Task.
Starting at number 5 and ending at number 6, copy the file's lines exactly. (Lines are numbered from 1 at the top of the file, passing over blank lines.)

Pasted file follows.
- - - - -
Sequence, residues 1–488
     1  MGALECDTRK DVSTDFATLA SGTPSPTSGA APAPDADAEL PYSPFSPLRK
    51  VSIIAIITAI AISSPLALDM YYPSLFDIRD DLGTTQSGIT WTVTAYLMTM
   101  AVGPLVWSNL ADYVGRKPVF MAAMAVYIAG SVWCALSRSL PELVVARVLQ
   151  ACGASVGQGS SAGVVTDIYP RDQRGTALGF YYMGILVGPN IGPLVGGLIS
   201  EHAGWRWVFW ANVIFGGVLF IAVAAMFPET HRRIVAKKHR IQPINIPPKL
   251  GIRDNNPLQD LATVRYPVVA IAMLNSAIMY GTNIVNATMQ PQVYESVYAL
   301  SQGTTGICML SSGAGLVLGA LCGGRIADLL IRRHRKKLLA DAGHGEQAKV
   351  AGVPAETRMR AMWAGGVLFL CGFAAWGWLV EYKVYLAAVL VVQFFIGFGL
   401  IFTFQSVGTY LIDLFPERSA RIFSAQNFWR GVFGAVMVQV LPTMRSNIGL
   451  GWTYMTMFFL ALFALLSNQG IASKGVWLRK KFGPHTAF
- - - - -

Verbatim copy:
   151  ACGASVGQGS SAGVVTDIYP RDQRGTALGF YYMGILVGPN IGPLVGGLIS
   201  EHAGWRWVFW ANVIFGGVLF IAVAAMFPET HRRIVAKKHR IQPINIPPKL